SOHO captures coronal mass ejection blasting from the Sun’s far side in the direction of Venus
In the early hours of Sunday 4 September, Solar Orbiter flew by Venus for a gravity-assist manoeuvre that alters the spacecraft’s orbit, getting it even closer to the Sun. As if trying to get the orbiter’s attention as it cosied up to another body in the Solar System, the Sun flung an enormous coronal mass ejection straight at the spacecraft and planet just two days before their closest approach – and the data is revealing.
On 30 Aug, a large coronal mass ejection shot from the Sun in the direction of Venus. Not long later, the storm arrived at the second planet from the Sun. As the data continues to come in from Solar Orbiter, this strike reveals why ‘in situ’ monitoring of space weather and its effects on the bodies, and spacecraft, of the Solar System are so important.
Fortunately, there were no negative effects on the spacecraft as the ESA-NASA solar observatory is designed to withstand and in fact measure violent outbursts from our star – although Venus doesn’t always get off so lightly. Coronal mass ejections have a tendency of eroding Venus’ atmosphere, stripping off gasses as they whoosh by.
Fly high with Venus fly by
Solar Orbiter is a quarter of the way through its decade-long mission to observe the Sun up close and get a look at its mysterious poles. Its orbit was chosen to be in close resonance with Venus, meaning it returns to the planet’s vicinity every few orbits to use its gravity to alter or tilt its orbit.
This third flyby of Venus took place on Sunday at 01:26 UTC, when Solar Orbiter passed 12 500 km from the planet’s centre, which is very roughly 6 000 km from its gassy ‘surface’. In other words, it passed a distance half the width of Earth.
Its distance from Venus, angle of approach and velocity were meticulously planned to get the exact desired effect from the planet’s large gravitational pull – getting it closer to the Sun than ever before.
“The close approach went exactly to plan, thanks to a great deal of planning from our colleagues in Flight Dynamics and the diligent care of the Flight Control Team”, explains Jose-Luis Pellon-Bailon, Solar Orbiter Operations Manager.
“By trading ‘orbital energy’ with Venus, Solar Orbiter has used the planet’s gravity to change its orbit without the need for masses of expensive fuel. When it returns to the Sun, the spacecraft’s closest approach will be about 4.5 million km closer than before.”
Understanding particles that pose a radiation risk
Data beamed home since Solar Orbiter encountered the solar storm shows how its local environment changed as the large CME swept by. While some instruments had to be turned off during its close approach to Venus, in order to protect them from stray sunlight reflected off of the planet’s surface, Solar Orbiter’s ‘in situ’ instruments remained on, recording among other things an increase in solar energetic particles.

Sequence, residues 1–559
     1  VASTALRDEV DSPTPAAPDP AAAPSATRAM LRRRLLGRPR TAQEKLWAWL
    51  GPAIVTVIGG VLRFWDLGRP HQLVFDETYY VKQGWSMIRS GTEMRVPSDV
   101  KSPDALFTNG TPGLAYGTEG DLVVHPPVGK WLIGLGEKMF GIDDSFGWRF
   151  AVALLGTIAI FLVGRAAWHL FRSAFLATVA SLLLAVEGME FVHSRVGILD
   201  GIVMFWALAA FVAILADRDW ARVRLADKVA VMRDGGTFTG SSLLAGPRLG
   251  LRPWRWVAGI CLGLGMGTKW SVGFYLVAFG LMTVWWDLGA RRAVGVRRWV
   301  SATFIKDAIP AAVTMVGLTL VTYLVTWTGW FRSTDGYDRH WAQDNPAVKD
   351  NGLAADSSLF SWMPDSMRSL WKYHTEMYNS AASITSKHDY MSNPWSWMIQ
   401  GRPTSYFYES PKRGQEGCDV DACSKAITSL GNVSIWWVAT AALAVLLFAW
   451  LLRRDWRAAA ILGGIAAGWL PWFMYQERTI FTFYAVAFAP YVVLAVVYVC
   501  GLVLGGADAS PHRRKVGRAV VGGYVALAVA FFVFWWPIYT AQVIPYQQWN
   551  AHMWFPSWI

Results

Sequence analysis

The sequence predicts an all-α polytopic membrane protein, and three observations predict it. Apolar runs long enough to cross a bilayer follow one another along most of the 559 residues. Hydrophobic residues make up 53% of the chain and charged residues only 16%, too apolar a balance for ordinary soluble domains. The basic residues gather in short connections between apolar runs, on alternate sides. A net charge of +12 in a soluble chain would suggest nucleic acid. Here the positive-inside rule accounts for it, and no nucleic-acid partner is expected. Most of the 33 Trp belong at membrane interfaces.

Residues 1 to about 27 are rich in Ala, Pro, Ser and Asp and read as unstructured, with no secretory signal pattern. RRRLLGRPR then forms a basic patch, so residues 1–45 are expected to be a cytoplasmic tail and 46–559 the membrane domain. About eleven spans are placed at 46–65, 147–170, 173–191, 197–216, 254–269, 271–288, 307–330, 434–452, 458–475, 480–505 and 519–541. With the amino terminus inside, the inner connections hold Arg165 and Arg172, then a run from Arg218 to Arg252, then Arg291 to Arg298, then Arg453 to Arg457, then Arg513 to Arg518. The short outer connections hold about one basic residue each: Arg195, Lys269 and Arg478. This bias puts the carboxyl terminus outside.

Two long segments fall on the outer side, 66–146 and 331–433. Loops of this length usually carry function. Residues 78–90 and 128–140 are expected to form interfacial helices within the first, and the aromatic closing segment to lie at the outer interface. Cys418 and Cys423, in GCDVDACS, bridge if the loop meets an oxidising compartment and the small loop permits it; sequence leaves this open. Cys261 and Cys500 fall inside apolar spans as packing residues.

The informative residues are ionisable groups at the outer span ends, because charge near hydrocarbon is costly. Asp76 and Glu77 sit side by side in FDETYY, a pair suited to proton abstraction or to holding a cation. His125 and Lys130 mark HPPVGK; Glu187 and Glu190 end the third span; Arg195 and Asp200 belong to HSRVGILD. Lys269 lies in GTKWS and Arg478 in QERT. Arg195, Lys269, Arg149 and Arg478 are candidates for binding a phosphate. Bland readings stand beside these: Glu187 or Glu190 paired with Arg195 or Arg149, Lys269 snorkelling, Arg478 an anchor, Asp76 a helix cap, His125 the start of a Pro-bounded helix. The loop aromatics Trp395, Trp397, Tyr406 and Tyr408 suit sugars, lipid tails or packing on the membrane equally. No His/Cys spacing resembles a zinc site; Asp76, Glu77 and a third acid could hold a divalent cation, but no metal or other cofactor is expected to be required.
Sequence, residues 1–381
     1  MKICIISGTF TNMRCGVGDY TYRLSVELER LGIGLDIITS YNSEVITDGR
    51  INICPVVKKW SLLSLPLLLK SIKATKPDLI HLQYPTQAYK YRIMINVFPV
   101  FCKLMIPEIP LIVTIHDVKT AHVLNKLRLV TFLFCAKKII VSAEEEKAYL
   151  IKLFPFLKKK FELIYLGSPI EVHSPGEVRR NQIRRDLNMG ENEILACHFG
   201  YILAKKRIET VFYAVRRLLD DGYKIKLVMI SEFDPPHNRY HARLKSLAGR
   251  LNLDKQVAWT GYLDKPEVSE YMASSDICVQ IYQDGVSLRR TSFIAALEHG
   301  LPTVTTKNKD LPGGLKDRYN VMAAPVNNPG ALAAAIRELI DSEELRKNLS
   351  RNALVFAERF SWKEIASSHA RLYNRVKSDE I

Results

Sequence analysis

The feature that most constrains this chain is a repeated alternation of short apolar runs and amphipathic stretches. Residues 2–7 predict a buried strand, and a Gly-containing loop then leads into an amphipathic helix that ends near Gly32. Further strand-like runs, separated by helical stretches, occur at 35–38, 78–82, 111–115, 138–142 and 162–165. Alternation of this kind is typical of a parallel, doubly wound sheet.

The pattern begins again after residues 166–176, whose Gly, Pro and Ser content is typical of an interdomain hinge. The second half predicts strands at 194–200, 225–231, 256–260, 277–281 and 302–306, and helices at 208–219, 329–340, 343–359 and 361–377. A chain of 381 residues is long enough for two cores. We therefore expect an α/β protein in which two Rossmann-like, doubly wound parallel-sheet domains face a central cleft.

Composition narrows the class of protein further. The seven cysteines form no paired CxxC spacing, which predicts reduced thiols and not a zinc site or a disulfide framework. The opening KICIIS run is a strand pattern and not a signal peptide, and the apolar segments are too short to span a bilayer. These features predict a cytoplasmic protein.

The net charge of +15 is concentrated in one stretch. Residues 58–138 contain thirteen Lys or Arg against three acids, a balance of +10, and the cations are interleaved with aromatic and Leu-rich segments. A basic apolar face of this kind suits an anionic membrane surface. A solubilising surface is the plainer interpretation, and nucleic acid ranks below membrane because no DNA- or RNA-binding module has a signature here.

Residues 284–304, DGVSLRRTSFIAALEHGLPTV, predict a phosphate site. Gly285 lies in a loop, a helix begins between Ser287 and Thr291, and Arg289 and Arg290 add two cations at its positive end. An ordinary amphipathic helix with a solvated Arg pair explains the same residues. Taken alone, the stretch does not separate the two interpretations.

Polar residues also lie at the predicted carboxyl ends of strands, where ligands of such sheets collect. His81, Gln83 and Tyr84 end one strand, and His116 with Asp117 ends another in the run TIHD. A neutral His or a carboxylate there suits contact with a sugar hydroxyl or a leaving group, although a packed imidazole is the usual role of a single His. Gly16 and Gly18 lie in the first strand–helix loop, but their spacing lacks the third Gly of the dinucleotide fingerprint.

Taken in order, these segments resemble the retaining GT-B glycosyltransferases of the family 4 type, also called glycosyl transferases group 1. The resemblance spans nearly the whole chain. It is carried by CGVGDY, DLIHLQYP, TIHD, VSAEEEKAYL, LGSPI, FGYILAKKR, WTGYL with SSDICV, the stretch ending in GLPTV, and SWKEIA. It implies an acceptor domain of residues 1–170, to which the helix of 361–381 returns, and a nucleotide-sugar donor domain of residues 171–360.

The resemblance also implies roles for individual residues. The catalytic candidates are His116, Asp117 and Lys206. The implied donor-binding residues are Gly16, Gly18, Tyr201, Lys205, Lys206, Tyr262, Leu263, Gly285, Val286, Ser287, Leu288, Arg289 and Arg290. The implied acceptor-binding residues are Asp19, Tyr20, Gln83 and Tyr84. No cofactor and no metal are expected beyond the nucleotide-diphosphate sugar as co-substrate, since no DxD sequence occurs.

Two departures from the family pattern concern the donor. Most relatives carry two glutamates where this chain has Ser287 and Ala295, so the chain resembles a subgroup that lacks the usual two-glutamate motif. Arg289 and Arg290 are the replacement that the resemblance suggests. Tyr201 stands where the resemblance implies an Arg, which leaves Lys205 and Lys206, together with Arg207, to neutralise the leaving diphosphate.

Particles, mostly protons and electrons, but also some ionised atoms like Helium, are emitted by the Sun all the time. When particularly large flares and ejections of plasma are shot from the Sun, these particles are picked up and carried with them, accelerated to near relativistic speeds. It is these particles that pose a radiation risk to astronauts and spacecraft.
Improving our understanding of CMEs and tracking their progress as they breeze through the Solar System is a big part of Solar Orbiter’s mission. By observing CMEs, the solar wind and the Sun’s magnetic field, the spacecraft’s ten science instruments are providing new insight into how the 11-year cycle of solar activity works. Ultimately, these findings will help us better predict periods of stormy space weather and protect planet Earth from the Sun’s violent outbursts.
This recent CME illustrates a difficulty in space weather observations. As seen in this footage from SOHO, a ‘full halo’ is visible when a CME is either coming straight at Earth, or in this case heading directly away, from the ‘far side’ of the Sun.
Determining if coronal mass ejections are coming towards Earth or away is tricky when viewed from Earth, because in both cases it appears to be expanding. One of the many benefits of the coming Vigil mission is that by combining the images taken from Earth direction and Vigil’s position at the ‘side’ of the Sun, the fifth Lagrange point, distinguishing between an oncoming or departing storm will be easy and reliable.
Space weather gets deep
The Sun exerts its influence on all the bodies of the Solar System. It’s the reason why no life could survive on the inner planets, the temperatures being too hot and their atmospheres having been stripped away long ago.
As we venture from Earth to the Moon, its vital we understand how space weather can affect human bodies, robots, communication systems and plants and animals.
As well as a range of tools to understand the Sun’s effect on Earth infrastructure, ESA’s Space Weather Service Network currently alerts teams flying missions throughout the Solar System of extreme space weather, with forecasts for Mercury, Venus and Mars freely available via the Network’s Portal, and Jupiter on the way.
“Gathering data on events like this is crucial to understanding how they arise, improving our space weather models, forecasts and early-warning systems,” explains Alexi Glover, ESA Space Weather Service Coordinator.
“Solar Orbiter is providing us with an excellent opportunity to compare our forecasts with real observations and test how well our models and tools perform for these regions”.